If this bill passes, and it looks like nothing is going to stop it, then it would be professional malpractice for an attorney to accept a bankruptcy case. My law partner does some bankruptcy law. We have already decided that, as a firm, we will take no more bankruptcy cases if this bill passes. The consequences are too great. Where's Democratic party obstructionism when it could do some good?

Timbalada - "Margarida Perfumada"

My favorite Brazilian music is from the Carlinhos Brown side project Timbalada. The best music (and the best food) in the most musical country on earth is the highly percussive axê music of Bahia is northeast Brazil.

The mournful "Margarida Perfuma" is the closest Timbalada has ever come to a ballad. The beats per minute is a bit lower than most of their songs, but it's still percussion-driven. I have this song off multiple Timbalada discs, such as the Minha Historia CD that I bought at the suggestion of a local at a CD store in the Centro (downtown) neighborhood of Rio de Janeiro.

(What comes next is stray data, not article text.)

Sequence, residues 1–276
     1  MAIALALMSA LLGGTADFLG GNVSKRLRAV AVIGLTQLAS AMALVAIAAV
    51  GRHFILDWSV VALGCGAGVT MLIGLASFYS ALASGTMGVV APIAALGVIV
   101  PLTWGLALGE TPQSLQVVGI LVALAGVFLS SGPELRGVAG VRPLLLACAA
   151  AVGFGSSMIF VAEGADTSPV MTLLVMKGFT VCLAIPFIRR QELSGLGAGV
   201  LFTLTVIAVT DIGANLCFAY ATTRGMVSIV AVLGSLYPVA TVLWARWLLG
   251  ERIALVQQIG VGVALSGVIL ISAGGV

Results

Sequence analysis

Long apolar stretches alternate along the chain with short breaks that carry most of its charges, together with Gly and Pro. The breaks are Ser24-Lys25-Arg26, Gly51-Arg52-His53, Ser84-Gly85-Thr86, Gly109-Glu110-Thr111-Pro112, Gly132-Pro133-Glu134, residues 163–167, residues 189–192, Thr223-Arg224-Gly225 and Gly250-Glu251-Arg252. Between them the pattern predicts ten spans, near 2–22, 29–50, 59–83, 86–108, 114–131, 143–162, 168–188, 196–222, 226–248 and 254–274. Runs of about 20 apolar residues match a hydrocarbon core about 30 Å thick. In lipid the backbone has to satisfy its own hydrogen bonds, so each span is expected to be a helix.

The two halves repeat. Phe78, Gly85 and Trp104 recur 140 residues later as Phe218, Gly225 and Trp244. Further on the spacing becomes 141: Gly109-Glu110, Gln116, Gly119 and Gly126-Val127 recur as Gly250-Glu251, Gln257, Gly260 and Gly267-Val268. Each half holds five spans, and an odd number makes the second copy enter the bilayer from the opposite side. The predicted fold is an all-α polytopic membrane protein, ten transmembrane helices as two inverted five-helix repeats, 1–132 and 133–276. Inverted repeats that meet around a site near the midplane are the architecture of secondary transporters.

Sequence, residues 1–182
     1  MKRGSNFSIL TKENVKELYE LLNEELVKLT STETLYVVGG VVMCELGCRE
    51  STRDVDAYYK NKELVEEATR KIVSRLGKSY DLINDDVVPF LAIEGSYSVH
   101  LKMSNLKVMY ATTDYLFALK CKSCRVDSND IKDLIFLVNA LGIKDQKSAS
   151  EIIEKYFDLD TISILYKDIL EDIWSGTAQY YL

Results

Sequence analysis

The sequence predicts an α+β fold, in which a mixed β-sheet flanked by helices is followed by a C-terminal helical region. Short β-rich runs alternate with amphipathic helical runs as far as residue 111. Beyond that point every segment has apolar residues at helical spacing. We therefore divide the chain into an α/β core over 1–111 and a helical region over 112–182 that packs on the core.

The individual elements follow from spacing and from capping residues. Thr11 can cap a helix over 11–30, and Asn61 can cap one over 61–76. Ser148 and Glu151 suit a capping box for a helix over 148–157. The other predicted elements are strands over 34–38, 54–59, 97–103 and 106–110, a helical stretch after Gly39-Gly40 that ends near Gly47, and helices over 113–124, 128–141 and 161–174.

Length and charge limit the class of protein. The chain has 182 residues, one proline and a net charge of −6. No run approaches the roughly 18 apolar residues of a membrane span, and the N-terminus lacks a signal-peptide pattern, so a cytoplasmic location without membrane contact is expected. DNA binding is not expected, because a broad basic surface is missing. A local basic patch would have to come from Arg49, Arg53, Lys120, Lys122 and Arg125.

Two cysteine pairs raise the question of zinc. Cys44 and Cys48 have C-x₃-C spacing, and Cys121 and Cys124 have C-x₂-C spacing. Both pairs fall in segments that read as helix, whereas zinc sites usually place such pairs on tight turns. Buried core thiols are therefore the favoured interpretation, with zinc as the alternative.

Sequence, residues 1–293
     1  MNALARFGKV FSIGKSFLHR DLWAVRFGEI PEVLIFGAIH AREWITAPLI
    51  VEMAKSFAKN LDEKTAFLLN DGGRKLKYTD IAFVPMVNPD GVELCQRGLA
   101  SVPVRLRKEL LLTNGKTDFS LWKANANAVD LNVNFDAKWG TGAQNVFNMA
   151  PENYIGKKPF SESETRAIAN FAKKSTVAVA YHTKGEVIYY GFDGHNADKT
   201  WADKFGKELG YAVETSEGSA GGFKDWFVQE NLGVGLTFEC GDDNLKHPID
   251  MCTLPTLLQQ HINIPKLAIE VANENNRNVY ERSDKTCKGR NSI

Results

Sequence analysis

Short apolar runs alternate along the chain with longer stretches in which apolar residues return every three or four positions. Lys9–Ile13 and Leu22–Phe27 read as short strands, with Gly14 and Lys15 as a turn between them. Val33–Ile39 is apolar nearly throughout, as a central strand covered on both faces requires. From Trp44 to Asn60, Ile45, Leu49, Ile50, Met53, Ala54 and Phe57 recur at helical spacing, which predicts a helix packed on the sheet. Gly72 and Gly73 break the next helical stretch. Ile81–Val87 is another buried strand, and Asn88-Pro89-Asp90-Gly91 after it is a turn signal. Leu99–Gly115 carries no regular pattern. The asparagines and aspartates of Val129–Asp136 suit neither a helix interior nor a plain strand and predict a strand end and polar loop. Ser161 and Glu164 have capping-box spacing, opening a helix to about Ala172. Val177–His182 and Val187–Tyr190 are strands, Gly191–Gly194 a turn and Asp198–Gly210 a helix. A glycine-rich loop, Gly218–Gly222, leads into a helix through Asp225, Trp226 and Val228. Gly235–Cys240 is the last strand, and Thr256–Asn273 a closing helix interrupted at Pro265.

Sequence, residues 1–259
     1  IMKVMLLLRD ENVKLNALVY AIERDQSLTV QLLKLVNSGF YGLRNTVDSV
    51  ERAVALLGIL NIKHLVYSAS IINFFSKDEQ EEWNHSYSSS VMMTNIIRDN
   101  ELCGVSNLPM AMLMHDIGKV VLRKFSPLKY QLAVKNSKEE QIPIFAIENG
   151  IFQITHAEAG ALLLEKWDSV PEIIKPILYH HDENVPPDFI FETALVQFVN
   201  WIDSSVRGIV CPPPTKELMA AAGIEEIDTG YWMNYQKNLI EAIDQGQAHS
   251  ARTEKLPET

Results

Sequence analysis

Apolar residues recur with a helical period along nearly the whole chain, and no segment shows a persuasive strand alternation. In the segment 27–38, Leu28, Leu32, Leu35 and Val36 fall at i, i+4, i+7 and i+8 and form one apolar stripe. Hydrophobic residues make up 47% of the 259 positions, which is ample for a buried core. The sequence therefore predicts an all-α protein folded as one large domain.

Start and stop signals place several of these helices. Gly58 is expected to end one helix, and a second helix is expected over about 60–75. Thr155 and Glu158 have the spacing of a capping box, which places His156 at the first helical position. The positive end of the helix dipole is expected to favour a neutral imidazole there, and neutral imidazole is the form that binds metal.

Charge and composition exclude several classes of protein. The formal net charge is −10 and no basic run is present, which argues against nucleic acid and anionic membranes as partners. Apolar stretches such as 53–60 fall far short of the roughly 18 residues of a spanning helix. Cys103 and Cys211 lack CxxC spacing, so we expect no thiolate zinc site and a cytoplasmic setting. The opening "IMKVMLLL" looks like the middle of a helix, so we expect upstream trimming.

This song originally appeared on the third Timbalada CD, Andei Road, their most American-sounding CD that actually comes close to "rocking out." Ironically, it's the toughest Timbalada CD to find in the United States. I bought my copy of a few years on line from a Japanese record store. Isn't the internet wonderful? An American man sitting at his computer in Las Vegas can buy a Brazilian CD from a Japanese record store without having to translate his request into either portuguesa or kanji. That alone is enough to justify this choice for song o' the day.


Nancy Soderberg's "joke"

Yes! Break out the "sarcasm" "quotes" on the "word" "joke."

Last week, as I commented below, ex-Clintonista Nancy Soderberg appeared on the The Daily Show with Jon Stewart to promote her book with anti-American sounding title of The Superpower Myth: The Use and Misuse of American Might. She made some pretty bizarre statements. The "jokes" were ""Well, there's still Iran and North Korea, don't forget. There's hope for the rest of us." and even more weird, "There's always hope that this might not work," referencing the spread of democracy in the Southwestern Asia.